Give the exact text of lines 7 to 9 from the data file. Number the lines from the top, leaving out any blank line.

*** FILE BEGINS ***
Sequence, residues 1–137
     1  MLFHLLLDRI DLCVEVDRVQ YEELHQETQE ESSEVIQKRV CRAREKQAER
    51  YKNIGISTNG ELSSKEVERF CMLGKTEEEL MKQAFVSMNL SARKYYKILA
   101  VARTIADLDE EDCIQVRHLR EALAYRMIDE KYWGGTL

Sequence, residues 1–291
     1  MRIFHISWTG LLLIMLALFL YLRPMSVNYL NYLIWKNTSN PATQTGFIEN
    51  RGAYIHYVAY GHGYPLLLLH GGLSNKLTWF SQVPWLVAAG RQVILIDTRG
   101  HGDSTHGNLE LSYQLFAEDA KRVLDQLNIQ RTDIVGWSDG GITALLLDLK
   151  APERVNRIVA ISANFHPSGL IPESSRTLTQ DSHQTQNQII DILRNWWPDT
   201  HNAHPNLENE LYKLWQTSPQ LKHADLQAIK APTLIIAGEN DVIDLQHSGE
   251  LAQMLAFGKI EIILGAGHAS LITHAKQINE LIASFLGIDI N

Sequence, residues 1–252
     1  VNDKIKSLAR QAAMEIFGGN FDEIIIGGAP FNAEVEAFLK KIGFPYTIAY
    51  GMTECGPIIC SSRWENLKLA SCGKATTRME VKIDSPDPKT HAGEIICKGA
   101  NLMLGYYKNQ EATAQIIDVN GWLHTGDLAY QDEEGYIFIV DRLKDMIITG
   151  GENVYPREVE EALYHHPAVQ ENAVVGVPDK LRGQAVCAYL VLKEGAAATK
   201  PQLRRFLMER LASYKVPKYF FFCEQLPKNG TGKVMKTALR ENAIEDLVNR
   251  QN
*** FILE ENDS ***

    51  RGAYIHYVAY GHGYPLLLLH GGLSNKLTWF SQVPWLVAAG RQVILIDTRG
   101  HGDSTHGNLE LSYQLFAEDA KRVLDQLNIQ RTDIVGWSDG GITALLLDLK
   151  APERVNRIVA ISANFHPSGL IPESSRTLTQ DSHQTQNQII DILRNWWPDT